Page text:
Top Seven Stupid Financial Mistakes That I’ve Made – Part Two
Following up from my last post on this…
#4 – Seeking to live the “minimum payment” lifestyle
I remember my first credit card…after getting it I stopped at a sporting goods store and bought a gun. (Just like all pastors should!) It was $300 and when I got the bill in the mail the next month the payment was ONLY $15!!! (I didn’t know what 19% interest meant!) It was the beginning of a PAINFUL lesson for me—making the minimum payment is NOT a great financial plan!
Within four years I was carrying maxed out balances on around seven credit cards and “successfully” making the minimum payments every month…which was KILLING ME financially. I reasoned that if I continued to make the minimum payments that I would one day be out of debt…which WAS true…but “that day” would have been in the year 2900 at the rate I was going!
#5 – Transferring credit card balances
Don’t roll your eyes because some of you do this! I would get a “convenient” credit card offer in the mail and it would say, “transfer your balances today and get no interest for six months.” What the offer didn’t tell you is that the interest rate was an arm and a leg after that six months.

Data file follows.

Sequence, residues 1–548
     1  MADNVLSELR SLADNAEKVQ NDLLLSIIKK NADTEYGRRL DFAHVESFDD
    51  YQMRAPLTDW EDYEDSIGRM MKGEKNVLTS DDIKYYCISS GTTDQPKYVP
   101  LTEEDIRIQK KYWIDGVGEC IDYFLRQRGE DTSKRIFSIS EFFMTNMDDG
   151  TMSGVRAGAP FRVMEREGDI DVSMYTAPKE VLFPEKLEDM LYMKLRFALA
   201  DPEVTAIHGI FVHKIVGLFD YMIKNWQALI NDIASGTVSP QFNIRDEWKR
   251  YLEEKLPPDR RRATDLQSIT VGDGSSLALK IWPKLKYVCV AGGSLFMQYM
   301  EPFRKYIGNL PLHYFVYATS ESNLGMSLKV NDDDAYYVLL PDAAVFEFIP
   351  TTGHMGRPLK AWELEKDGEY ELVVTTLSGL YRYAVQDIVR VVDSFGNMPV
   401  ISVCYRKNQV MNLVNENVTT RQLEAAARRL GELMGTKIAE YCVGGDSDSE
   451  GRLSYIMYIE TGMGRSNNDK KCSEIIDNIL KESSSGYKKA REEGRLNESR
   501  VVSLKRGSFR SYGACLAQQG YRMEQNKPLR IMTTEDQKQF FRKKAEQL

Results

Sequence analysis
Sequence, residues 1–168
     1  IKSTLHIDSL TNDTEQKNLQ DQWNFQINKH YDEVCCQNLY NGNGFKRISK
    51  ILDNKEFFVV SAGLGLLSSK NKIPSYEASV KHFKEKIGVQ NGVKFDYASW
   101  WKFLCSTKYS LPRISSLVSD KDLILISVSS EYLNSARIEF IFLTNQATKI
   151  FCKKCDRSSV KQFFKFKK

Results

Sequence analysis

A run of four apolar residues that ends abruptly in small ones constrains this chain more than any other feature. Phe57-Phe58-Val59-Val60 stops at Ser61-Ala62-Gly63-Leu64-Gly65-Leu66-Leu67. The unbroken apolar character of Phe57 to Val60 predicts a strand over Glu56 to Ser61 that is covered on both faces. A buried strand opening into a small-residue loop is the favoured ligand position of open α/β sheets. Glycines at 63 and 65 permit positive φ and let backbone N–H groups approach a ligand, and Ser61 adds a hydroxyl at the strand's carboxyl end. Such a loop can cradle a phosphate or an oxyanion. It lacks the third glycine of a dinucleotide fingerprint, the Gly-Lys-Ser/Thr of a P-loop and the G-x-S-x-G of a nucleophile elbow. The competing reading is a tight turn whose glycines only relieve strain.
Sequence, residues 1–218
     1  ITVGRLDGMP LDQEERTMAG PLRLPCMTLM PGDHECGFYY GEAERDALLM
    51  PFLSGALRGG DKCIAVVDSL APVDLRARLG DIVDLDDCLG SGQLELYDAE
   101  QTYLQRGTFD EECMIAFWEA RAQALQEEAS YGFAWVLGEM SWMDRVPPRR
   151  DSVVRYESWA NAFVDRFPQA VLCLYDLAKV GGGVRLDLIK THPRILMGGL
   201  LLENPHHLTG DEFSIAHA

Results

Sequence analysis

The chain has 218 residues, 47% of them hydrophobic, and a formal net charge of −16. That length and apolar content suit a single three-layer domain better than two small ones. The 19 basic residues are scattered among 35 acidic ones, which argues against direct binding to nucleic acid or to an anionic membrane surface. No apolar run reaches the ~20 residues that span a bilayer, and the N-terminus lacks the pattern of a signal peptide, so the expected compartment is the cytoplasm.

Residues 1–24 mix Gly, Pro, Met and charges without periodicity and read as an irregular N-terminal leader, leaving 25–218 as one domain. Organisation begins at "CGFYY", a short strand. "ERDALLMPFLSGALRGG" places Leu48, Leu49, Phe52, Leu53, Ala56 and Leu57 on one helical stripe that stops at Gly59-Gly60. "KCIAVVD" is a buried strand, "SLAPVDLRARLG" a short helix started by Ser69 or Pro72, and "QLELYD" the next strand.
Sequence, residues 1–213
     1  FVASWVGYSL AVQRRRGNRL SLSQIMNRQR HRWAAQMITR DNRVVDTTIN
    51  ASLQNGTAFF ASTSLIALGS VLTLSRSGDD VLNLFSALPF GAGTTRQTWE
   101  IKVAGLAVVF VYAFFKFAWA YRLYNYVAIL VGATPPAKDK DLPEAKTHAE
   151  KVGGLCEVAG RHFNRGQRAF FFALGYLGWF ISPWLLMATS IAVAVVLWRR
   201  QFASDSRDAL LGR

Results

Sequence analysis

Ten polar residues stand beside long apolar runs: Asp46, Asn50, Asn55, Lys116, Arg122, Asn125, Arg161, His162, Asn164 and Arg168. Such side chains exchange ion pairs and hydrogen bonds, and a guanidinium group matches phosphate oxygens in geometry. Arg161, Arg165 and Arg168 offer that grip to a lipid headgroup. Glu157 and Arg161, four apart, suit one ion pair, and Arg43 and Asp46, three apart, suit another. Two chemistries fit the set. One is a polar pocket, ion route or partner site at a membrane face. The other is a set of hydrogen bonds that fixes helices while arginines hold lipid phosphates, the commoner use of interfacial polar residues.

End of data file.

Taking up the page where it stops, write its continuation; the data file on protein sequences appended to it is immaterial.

I always told myself that I could pay off the balance within six months—WHICH NEVER HAPPENED! I realized then that Proverbs 22:7 was and is true…in just four years of having a credit card (which was only going to be used in case of an “emergency”) I had DISCOVERED that my VISA to financial freedom wasn’t in obtaining more AMERICAN OBSESS but rather in turning over MASTER CARD to Jesus instead of the banks!
#6 – STUPID car decisions.
I used to be the guy who said, “I will always have a car payment.”
I used to be the guy that when a car needed a repair I would say, “Go get another one, you don’t want to sink money into that old thing.” (Which, by the way, is STUPID financial advice! Seriously! Spending $300 to fix a leak…or $30,000 on a new car—DUH!!!)
So…because of my desire to have a new car every year and a half (no, I am not making that up) I kept trading them in…and discovered what the term “upside down” means. It means, “I am a stupid, materialistic person”—at least that’s what it meant to me!
I once financed a car that was two years old for 84 months at a 12% interest rate…DUMB!!!
Today I own my cars, they do not own me. And that, my friends, is a very freeing feeling. Most people I have talked to who are strapped financially could free themselves up so much if they would just sell their car…but their desire for status rather than financial freedom will prevent them from it most of the time.
#7 – Not having an emergency fund.
One of the things that Joe and Dave teach is that emergencies are going to happen, the car is going to break down, the kids are going to get sick, the tire is going to go flat…and that if money is set aside for these emergencies then they are less worrisome when they take place.
You CAN set aside an emergency fund. It just takes time and discipline.